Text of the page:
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On a meta site, votes are intended to imply agreement with the question/answer. In contrast, votes are intended to imply quality, on the general site. Overall, when we cast a vote, we have a brief window to reverse or withdraw that vote. Once this window has passed, our votes are locked in, unless an edit is applied to that post.


This makes sense, in general. When we judge a post for it's quality, there is little reason1 to want to legitimately withdraw or reverse this vote, unless the post has had changes made to it. Without change, the quality of the answer is also unchanged.

In contrast, opinion does change. When I vote on meta, I am voicing agreement or disagreement with the post. I think it is a lot more plausible that this stance could change, without an edit to the original post.


Here is a good example of one such case. I asked a question regarding a particular tag that needed more clarity in it's usage. A user suggested an alternate to my own proposed solution, and I agreed that it was a better proposal. I deleted my original answer, and up-voted the new answer. Some time after, a user with more experience posted an alternate answer. With the clarity of the explanation provided in the new answer, I no longer agreed with the previous answer. However, I am still technically voicing agreement in the answer, as I can not undo my vote.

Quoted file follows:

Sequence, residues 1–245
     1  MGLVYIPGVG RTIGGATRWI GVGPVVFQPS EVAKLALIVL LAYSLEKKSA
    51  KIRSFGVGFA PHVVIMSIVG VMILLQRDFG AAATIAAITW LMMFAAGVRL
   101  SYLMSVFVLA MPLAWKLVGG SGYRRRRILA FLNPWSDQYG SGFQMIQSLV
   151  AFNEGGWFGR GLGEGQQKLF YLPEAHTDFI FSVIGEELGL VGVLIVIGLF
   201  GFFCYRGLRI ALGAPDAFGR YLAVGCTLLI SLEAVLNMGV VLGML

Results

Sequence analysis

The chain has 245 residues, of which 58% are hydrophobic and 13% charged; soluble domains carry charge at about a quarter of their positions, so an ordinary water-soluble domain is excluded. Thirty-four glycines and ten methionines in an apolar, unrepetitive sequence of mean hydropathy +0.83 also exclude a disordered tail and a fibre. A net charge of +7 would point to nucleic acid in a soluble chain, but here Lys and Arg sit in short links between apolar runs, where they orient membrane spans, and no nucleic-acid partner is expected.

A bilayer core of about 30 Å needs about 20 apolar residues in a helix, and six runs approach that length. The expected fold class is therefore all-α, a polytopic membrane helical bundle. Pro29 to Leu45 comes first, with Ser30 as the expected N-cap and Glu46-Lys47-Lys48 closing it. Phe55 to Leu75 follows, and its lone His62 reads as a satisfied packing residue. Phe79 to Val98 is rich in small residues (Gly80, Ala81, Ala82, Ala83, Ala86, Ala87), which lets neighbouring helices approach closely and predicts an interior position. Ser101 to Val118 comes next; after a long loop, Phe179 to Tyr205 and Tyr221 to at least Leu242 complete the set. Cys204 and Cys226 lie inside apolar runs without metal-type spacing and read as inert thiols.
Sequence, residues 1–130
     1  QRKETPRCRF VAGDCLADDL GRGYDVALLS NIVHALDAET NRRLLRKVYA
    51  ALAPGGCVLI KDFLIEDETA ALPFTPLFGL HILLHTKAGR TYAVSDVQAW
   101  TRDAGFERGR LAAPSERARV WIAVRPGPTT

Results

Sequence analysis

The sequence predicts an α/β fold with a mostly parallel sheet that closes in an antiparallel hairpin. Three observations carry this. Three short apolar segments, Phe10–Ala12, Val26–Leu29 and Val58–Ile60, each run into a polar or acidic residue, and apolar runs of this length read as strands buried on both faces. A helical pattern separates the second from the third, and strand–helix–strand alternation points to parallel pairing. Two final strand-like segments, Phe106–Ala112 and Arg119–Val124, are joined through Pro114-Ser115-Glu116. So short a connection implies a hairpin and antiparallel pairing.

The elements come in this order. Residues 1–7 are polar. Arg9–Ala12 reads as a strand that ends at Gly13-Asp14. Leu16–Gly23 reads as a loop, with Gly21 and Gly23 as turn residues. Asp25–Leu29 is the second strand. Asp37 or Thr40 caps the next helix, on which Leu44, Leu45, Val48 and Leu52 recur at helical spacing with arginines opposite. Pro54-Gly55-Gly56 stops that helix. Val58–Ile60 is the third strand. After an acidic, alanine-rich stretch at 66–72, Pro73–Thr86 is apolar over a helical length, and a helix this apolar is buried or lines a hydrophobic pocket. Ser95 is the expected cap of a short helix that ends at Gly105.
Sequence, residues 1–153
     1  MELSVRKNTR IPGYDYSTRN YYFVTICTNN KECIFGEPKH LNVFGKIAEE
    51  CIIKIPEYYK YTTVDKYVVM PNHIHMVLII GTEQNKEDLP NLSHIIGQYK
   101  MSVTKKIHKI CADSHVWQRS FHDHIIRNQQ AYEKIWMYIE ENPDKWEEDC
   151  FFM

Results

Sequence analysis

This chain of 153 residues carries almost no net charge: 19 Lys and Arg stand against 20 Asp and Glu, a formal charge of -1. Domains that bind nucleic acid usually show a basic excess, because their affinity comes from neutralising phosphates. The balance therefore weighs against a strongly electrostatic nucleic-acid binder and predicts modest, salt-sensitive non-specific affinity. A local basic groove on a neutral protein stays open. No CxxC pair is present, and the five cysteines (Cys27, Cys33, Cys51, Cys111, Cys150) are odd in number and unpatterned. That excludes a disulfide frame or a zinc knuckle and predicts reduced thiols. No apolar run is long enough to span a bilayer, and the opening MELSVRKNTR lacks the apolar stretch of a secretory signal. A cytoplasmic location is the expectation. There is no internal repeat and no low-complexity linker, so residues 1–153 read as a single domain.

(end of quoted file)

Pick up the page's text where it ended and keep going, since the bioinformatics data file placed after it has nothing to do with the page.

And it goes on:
In some cases, this may appear as a "non-event". One vote should not make a difference. However, in cases where meta-usage is not as common, I feel it does make a significant impact on the overall view of the topic or suggestion.

I have previously been directed to simply perform an edit; I feel this is not a suitable option. Especially in certain cases where such edits would be semantic and questionable.


Can we have a bit more freedom in retracting and/or reversing votes in Meta?

It occurred to me that there might be further issues if this was implemented on the main meta site (i.e. this one), as reputation is awarded. I am asking specifically for site-specific meta, though I don't see why we couldn't discuss implementing this, here.

1 Tim losing his keys, for example

marked as duplicate by Nathan Tuggy, Community Feb 7 '17 at 1:57

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